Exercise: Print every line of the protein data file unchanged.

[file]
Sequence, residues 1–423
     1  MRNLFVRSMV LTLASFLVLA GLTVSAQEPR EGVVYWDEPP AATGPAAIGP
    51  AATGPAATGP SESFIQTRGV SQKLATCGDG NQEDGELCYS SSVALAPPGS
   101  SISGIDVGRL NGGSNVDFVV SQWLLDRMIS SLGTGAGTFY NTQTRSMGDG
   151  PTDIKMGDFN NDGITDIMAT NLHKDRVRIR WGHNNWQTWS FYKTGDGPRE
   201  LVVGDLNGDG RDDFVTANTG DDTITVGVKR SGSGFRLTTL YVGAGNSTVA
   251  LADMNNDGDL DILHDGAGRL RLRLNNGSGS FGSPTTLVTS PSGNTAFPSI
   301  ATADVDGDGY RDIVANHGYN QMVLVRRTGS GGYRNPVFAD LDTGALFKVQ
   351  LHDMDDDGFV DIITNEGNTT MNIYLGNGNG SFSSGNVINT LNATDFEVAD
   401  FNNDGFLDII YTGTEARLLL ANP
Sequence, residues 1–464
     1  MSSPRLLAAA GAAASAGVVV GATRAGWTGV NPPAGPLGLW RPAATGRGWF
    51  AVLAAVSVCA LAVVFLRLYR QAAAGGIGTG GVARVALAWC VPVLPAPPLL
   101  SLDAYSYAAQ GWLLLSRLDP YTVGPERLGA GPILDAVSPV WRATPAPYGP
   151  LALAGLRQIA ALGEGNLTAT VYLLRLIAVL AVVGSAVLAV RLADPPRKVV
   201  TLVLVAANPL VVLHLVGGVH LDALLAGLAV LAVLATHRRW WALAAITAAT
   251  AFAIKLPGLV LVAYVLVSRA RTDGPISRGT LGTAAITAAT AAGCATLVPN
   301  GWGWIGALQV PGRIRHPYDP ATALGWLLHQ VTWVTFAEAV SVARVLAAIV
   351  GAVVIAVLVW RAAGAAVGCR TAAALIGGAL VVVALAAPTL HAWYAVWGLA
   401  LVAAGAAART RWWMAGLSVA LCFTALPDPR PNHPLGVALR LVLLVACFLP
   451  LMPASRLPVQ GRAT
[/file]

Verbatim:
Sequence, residues 1–423
     1  MRNLFVRSMV LTLASFLVLA GLTVSAQEPR EGVVYWDEPP AATGPAAIGP
    51  AATGPAATGP SESFIQTRGV SQKLATCGDG NQEDGELCYS SSVALAPPGS
   101  SISGIDVGRL NGGSNVDFVV SQWLLDRMIS SLGTGAGTFY NTQTRSMGDG
   151  PTDIKMGDFN NDGITDIMAT NLHKDRVRIR WGHNNWQTWS FYKTGDGPRE
   201  LVVGDLNGDG RDDFVTANTG DDTITVGVKR SGSGFRLTTL YVGAGNSTVA
   251  LADMNNDGDL DILHDGAGRL RLRLNNGSGS FGSPTTLVTS PSGNTAFPSI
   301  ATADVDGDGY RDIVANHGYN QMVLVRRTGS GGYRNPVFAD LDTGALFKVQ
   351  LHDMDDDGFV DIITNEGNTT MNIYLGNGNG SFSSGNVINT LNATDFEVAD
   401  FNNDGFLDII YTGTEARLLL ANP
Sequence, residues 1–464
     1  MSSPRLLAAA GAAASAGVVV GATRAGWTGV NPPAGPLGLW RPAATGRGWF
    51  AVLAAVSVCA LAVVFLRLYR QAAAGGIGTG GVARVALAWC VPVLPAPPLL
   101  SLDAYSYAAQ GWLLLSRLDP YTVGPERLGA GPILDAVSPV WRATPAPYGP
   151  LALAGLRQIA ALGEGNLTAT VYLLRLIAVL AVVGSAVLAV RLADPPRKVV
   201  TLVLVAANPL VVLHLVGGVH LDALLAGLAV LAVLATHRRW WALAAITAAT
   251  AFAIKLPGLV LVAYVLVSRA RTDGPISRGT LGTAAITAAT AAGCATLVPN
   301  GWGWIGALQV PGRIRHPYDP ATALGWLLHQ VTWVTFAEAV SVARVLAAIV
   351  GAVVIAVLVW RAAGAAVGCR TAAALIGGAL VVVALAAPTL HAWYAVWGLA
   401  LVAAGAAART RWWMAGLSVA LCFTALPDPR PNHPLGVALR LVLLVACFLP
   451  LMPASRLPVQ GRAT